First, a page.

Image_2_Sulfadiazine Plus Pyrimethamine Therapy Reversed Multiple Behavioral and Neurocognitive Changes in Long-Term Chronic Toxoplasmosis by Reducing.tif (1.68 MB)
Download file

Image_2_Sulfadiazine Plus Pyrimethamine Therapy Reversed Multiple Behavioral and Neurocognitive Changes in Long-Term Chronic Toxoplasmosis by Reducing Brain Cyst Load and Inflammation-Related Alterations.tif

Download (1.68 MB)
posted on 27.04.2022, 04:38 authored by Barrios Leda Castaño, Andrea Alice Silva, Lina L Hernandez-Velasco, Ana Paula Da Silva Pinheiro, Daniel Gibaldi, José Roberto Mineo, Neide Maria Silva, Joseli Lannes-Vieira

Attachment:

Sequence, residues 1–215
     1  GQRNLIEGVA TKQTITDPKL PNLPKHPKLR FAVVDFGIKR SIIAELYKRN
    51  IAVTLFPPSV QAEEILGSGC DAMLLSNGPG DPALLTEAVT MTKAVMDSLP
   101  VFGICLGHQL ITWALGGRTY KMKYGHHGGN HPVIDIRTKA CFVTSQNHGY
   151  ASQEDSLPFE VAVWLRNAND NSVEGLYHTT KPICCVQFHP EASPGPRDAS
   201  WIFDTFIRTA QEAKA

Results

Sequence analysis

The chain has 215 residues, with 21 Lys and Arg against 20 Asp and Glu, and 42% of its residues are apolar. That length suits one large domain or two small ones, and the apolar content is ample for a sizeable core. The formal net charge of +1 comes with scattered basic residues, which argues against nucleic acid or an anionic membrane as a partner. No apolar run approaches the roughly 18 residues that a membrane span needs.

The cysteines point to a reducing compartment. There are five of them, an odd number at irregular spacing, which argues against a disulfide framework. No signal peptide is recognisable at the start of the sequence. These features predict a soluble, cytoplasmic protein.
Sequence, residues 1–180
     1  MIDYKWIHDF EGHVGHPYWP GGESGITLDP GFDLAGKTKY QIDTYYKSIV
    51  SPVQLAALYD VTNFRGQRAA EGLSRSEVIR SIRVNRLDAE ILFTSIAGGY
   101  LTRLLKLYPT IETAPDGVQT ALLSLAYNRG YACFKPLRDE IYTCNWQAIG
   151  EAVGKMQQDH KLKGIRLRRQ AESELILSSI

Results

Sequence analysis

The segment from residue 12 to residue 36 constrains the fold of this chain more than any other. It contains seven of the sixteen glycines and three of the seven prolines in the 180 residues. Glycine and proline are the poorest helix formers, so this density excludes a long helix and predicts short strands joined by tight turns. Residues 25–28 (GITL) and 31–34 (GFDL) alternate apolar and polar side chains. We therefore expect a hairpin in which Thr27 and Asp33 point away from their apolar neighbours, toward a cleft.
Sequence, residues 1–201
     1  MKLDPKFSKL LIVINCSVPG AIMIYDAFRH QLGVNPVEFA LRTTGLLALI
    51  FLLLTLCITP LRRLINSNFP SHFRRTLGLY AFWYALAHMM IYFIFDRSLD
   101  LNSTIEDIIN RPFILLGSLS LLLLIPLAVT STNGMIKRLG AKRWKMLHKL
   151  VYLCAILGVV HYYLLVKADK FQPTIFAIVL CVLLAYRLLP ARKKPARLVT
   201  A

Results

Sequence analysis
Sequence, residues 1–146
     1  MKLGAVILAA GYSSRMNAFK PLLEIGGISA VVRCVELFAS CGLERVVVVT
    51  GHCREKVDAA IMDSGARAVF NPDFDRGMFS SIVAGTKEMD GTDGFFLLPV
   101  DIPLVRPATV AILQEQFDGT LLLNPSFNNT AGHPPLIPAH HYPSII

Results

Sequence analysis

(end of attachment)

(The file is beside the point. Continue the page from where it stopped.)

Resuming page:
Toxoplasma gondii infects one-third of the world population. For decades, it has been considered a silent lifelong infection. However, chronically T. gondii-infected persons may present psychiatric and neurocognitive changes as anxiety, depression, and memory loss. In a model of long-term chronic infection, behavioral alterations parallel neuroinflammation and systemic high cytokine levels, and may reflect brain cyst load. Recent findings support that in chronic infection an active parasite-host interplay involves an immune-mediated control of tissue cysts. Here, we tested the idea that etiological treatment in chronic phase may add advantage to intrinsic immune-mediated cyst control and impact behavioral changes. Thus, we combined sulfadiazine-plus-pyrimethamine (S+P), the first-choice therapy for toxoplasmosis, to study the association of brain cyst load and biological processes related to the immune response (neuroinflammation, blood-brain barrier -BBB- disruption and serum cytokine levels), with behavioral and neurocognitive changes of long-term chronic infection. Female C57BL/6 mice (H-2b) were infected (5 cysts, ME-49 strain) and treated with S+P from 30 to 60 days postinfection (dpi), compared with vehicle (Veh)-treated and noninfected controls. At endpoints (pre-therapy, 30 dpi; S+P therapy, 60 dpi; after ceased therapy, 90 dpi), independent groups were subjected to behavioral tests, and brain tissues and sera were collected. Multiple behavioral and neurocognitive changes were detected in the early (30 dpi) and long-term (60 and 90 dpi) chronic infection. S+P therapy resolved locomotor alterations, anxiety, and depressive-like behavior, partially or transiently ameliorated hyperactivity and habituation memory loss. Analysis after therapy cessation showed that S+P therapy reduced the number of stimuli required for aversive memory consolidation. S+P therapy resulted in reduced brain cyst load, neuroinflammation and BBB disruption, and lowered systemic Th1-cytokine levels. Correlation analysis revealed association between IFNγ, TNF and MCP-1/CCL2 serum levels, brain cyst load and behavioral and neurocognitive alterations. Moreover, principal-component analysis (PCA-2D and 3D projections) highlighted distinction between clusters (noninfected; Veh-treated and S+P-treated infected). Thus, our data suggest that S+P therapy added gain to intrinsic brain cyst control and, direct or indirectly, ameliorated inflammation-related alterations, traits associated with behavioral and neurocognitive alterations.